Extra Points: NFL is finally transparent with AP

(SportsNetwork.com) - MIT economist Jonathan Gruber, one of the architects of the Affordable Care Act, made headlines recently for telling the truth or, to be more specific, telling the truth as he sees it.

"Lack of transparency is a huge political advantage and basically, you know, call it the stupidity of the American voter or whatever, but basically, that was really, really critical to getting the thing to pass," Gruber said of "Obamacare," in an unearthed 2013 video that went viral last week.

Transparency is generally the enemy of elites who believe in an end-justifies- the-means mentality. The general public, meanwhile, is supposed to sit quietly in the corner while the big boys talk and figure out what to do.

The NFL has employed a similar psychology when it comes to its personal- conduct policy over the years.

While it's more than fair to point out Roger Goodell is not responsible for the misdeeds of the players in his league, it's also legitimate to shine the spotlight on the policy itself while understanding it's the commissioner who cultivated an arbitrary atmosphere by picking and choosing where to get involved in regards to off-the-field incidents.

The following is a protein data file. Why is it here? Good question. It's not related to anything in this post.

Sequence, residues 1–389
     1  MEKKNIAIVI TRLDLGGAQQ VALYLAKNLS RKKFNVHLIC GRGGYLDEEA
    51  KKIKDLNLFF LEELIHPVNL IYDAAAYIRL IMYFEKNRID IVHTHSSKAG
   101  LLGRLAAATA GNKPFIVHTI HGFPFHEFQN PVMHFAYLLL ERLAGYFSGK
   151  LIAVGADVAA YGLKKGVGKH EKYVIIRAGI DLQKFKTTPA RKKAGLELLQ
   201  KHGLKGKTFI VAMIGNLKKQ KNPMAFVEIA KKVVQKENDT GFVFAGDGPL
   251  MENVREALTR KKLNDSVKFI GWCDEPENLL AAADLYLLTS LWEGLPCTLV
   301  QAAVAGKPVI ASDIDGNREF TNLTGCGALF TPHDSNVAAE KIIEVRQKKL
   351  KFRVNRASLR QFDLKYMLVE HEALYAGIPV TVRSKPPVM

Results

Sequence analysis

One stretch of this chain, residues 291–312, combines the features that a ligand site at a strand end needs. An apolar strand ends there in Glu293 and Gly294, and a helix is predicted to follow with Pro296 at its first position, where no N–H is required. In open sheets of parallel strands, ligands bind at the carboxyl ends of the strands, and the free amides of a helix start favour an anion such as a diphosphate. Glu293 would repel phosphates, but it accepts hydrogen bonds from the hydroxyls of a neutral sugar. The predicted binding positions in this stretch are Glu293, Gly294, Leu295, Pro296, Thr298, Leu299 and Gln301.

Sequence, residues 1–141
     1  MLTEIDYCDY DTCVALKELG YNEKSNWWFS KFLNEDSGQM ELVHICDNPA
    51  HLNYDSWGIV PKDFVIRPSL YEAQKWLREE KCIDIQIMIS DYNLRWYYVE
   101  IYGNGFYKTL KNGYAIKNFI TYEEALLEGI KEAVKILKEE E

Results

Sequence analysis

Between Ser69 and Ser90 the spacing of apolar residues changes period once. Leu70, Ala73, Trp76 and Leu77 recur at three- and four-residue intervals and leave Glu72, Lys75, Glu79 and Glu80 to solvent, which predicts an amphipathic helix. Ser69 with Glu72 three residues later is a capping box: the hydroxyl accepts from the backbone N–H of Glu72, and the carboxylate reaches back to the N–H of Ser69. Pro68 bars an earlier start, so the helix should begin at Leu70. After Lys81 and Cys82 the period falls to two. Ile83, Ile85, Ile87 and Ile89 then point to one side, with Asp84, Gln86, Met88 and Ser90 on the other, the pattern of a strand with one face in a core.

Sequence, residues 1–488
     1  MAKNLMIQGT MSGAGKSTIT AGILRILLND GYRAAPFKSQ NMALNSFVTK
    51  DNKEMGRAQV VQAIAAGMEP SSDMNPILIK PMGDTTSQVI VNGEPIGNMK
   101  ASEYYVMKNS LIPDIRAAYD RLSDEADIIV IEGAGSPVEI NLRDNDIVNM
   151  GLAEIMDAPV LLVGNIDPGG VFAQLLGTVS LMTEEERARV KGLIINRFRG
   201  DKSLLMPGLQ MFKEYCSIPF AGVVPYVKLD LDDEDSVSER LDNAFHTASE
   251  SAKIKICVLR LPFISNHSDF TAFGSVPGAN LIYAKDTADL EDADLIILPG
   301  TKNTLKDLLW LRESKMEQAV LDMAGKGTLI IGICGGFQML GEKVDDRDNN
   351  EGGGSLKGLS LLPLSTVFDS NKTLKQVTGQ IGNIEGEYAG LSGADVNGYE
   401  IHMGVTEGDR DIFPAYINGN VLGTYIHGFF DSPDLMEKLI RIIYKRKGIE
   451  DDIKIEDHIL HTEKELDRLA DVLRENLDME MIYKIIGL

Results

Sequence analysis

The league, however, has always believed its actions should be accepted without dissent or objection.

A lack of transparency and consistency to Goodell's actions over the years is what has fueled the current environment, whether you are focused on Ray Rice, Greg Hardy, Ray McDonald or most notably Adrian Peterson.

The you know what is about to hit the fan regarding Peterson, who wrapped up his legal issues earlier this month by pleading no contest to misdemeanor reckless assault charges.

A grievance hearing will be heard Monday because the NFLPA claims the league reneged on an agreement that Peterson would be reinstated immediately from the commissioner's exempt list upon resolution of his legal case.

If you take emotion out of a hot-button topic, there is little doubt that Peterson should have been on the field in Chicago on Sunday. After all, at the end of the day a first-time offender was hit with 80 hours of community service and a whopping $4,000 fine.

The league, however, spoke out of turn late last week, claiming Peterson skipped a disciplinary hearing scheduled for this past Friday, a tact which sent the NFLPA into a tizzy.